Sure, the anti-smoking zealots will scream that the poison smokers exhale invades their personal space. I don’t disagree with that. I think, for that reason alone, smoking should be illegal in public places. I think it is OK for owners of businesses to ban smoking in their facilities, if they choose to do so. OK to say you can’t smoke with a kid in your car. OK to say you can’t smoke in the workplace. But all of those things have been done, and still, they keep heaping it on the smokers. How? Why? Every time some yuppie drives by in an SUV, I can feel myself choking on the carbon monoxide fumes, but I don’t see them piling taxes like that on V8 engines. Don’t see them raking it in on those dangerous, noise-polluting crotch rockets.

Some will say that the government is being a good big brother by making it so expensive for people to smoke that they’ll just up & quit – and that would be the best thing for them to do. That will happen. It is happening, among those who feel a genuine financial pinch from the new cost of cigarettes. But, even though the numbers are proportionally lower,

there are still people who can afford to smoke. So they do. What shall we do to stop them from puffing away in the privacy of their own Escalades?

Once the lower incomers have quit, there goes a huge chunk of all that beneficial tax money. After budgets have been set based on that money, where do they go to make up the difference? Maybe, if the state would levy another $100 per pack tax, they could keep the coffers filled up just off the rich smokers. Probably not. But what’s to stop them from trying?

So they try it. And the specially funded projects go broke because, ultimately, everybody quits smoking cigarettes. Big Brother has forced the populace away from an unhealthy habit, without ever even making it illegal! They’re going to have to find some other vice to tax now. What shall it be?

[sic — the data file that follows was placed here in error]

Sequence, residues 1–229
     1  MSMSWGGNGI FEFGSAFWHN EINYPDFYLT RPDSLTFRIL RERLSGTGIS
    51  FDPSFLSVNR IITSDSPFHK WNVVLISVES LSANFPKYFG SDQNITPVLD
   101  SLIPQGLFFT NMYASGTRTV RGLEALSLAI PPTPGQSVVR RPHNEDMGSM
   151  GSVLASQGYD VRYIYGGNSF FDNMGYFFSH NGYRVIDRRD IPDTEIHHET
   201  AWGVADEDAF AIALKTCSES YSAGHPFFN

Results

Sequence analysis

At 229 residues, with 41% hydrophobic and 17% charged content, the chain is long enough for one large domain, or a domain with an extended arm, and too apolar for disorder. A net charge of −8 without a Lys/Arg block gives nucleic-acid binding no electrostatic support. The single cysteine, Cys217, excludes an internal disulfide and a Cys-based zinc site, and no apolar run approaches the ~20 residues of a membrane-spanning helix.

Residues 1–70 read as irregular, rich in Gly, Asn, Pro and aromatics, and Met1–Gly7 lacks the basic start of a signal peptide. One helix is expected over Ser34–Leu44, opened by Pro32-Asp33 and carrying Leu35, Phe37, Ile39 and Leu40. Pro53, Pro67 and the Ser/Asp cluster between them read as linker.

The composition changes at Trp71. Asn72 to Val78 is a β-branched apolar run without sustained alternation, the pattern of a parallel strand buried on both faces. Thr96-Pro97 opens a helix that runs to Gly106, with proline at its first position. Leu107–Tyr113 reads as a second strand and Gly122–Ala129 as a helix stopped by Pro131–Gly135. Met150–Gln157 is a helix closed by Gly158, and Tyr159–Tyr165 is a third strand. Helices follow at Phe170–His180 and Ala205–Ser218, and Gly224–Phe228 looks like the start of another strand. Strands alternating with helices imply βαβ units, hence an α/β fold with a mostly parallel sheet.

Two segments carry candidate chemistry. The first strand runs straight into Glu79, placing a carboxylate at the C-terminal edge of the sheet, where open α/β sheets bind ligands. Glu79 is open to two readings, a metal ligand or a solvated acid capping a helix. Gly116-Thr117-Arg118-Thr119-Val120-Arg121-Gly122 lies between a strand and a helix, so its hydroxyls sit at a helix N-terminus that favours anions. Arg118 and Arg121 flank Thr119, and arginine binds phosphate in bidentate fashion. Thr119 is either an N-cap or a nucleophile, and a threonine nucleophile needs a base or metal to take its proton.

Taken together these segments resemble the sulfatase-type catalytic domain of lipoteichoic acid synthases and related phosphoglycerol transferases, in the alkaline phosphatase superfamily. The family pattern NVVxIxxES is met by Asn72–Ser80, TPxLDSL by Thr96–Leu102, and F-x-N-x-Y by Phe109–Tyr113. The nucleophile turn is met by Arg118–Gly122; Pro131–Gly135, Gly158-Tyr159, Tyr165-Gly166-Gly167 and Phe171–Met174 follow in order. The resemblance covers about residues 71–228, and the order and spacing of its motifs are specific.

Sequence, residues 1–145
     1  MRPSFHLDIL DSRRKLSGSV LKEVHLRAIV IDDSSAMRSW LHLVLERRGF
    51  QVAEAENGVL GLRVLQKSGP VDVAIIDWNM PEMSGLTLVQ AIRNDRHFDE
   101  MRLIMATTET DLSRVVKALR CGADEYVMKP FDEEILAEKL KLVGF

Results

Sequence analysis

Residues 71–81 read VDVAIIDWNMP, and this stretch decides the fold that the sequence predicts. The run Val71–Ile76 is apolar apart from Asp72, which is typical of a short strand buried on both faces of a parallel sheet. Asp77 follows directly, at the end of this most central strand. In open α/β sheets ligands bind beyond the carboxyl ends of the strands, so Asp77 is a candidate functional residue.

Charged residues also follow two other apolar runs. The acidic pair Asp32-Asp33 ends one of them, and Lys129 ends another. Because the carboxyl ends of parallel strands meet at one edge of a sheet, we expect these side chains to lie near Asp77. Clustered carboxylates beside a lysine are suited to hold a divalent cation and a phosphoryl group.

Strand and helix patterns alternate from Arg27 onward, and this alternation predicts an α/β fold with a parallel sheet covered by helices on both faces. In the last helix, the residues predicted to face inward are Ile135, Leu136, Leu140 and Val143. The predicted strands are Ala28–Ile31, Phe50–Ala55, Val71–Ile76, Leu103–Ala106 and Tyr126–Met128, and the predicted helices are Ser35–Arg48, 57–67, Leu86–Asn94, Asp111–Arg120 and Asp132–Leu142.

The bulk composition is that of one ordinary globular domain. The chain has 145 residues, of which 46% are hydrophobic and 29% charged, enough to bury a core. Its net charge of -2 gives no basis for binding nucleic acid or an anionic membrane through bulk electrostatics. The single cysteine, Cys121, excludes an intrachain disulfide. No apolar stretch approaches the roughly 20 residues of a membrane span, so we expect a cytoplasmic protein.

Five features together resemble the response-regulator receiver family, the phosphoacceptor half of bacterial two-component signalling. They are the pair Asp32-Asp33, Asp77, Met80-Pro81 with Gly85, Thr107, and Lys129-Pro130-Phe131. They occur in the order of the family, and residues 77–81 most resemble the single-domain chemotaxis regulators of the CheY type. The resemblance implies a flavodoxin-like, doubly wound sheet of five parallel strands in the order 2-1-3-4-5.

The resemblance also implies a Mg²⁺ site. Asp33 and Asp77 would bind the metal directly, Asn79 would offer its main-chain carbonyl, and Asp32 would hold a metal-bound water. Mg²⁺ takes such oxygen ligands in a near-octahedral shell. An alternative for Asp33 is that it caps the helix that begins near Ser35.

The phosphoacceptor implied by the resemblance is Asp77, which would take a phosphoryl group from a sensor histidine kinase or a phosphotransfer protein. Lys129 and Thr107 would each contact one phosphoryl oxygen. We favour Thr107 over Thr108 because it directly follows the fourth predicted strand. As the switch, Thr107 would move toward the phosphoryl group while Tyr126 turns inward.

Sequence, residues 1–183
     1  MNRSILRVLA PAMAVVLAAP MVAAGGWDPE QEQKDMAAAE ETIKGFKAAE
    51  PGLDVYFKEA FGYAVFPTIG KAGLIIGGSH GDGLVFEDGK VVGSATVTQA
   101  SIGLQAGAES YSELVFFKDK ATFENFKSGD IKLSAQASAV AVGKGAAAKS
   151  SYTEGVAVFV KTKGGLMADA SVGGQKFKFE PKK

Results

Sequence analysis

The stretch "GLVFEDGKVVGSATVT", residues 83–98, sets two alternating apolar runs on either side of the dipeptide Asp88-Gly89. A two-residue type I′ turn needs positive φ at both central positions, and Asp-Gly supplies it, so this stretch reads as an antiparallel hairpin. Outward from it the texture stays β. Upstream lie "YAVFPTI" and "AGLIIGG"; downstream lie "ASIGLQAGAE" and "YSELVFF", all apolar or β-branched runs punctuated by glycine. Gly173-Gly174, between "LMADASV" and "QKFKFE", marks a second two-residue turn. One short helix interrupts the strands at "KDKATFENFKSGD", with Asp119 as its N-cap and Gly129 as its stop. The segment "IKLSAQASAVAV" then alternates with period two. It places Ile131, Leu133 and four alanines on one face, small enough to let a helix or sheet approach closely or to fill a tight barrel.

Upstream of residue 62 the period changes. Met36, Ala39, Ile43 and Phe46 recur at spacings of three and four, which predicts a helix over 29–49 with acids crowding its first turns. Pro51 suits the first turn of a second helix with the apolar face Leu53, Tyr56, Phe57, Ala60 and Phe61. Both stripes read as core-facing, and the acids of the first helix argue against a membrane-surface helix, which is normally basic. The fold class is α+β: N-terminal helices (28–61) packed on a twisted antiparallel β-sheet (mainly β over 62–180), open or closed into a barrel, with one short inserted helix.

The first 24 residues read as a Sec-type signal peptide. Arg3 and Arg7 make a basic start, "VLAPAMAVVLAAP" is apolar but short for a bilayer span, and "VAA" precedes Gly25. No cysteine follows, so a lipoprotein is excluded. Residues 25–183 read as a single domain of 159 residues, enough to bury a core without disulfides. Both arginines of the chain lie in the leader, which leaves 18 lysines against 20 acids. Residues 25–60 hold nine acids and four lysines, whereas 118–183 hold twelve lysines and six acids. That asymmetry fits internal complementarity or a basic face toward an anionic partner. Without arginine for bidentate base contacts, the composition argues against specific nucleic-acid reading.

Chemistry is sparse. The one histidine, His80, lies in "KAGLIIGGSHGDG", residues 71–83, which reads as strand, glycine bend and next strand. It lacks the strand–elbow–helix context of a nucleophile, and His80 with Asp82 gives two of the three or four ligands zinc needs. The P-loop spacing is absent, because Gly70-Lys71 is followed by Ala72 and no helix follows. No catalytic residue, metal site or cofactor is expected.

Fat, I think. That seems to be the next big bogey man on the horizon. When cheeseburgers cost twenty bucks because there’s $17 in taxes, how long will it take for the industries associated with that nasty habit to go belly-up? But we can’t let those special hospitals go down the tubes, so we seek out another victim.

I’m going with tater tots. Those things are just disasters looking for a place to happen. I mean, not only are they catastrophic to the well-being of the person who consumes them, they have a tendency to generate violent gaseous expulsions that invade the breathing space of innocent bystanders – causing babies to be born naked and old ladies to faint onto their bingo cards. Let’s say five bucks a tot, for starters.

And on it goes, until, eventually we get back to taxing tea, and eating salad. Nothing but salad. And we’ll all live healthily ever after.

Please. Spare me. The government doesn’t give a flying flip whether or not their taxes contribute to the physical well-being of the soon-to-be ex-smokers. They’re piling on the taxes on tobacco products because they need the extra money and they have found a villain, and they can get away with it. Smoke = bad. If smokers don’t like it, all they have to do is quit. Who’s going to raise much of a stink about that?

Once the monster has been let into the room, who is going to be the one to put it out?

Here’s the question. Sorry about all that leading up to it. “If smoking is such a terrible thing, why don’t they just outlaw cigarettes?”

Re-read for the answer.

© 2009, Rick Baber